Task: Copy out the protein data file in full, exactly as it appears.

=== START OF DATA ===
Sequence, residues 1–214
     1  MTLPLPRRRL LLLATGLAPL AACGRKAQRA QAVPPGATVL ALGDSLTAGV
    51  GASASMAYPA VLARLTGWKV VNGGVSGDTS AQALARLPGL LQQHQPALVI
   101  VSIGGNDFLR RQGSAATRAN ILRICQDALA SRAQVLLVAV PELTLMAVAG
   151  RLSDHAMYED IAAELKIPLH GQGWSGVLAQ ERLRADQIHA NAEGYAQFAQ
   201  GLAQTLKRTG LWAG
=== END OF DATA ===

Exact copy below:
Sequence, residues 1–214
     1  MTLPLPRRRL LLLATGLAPL AACGRKAQRA QAVPPGATVL ALGDSLTAGV
    51  GASASMAYPA VLARLTGWKV VNGGVSGDTS AQALARLPGL LQQHQPALVI
   101  VSIGGNDFLR RQGSAATRAN ILRICQDALA SRAQVLLVAV PELTLMAVAG
   151  RLSDHAMYED IAAELKIPLH GQGWSGVLAQ ERLRADQIHA NAEGYAQFAQ
   201  GLAQTLKRTG LWAG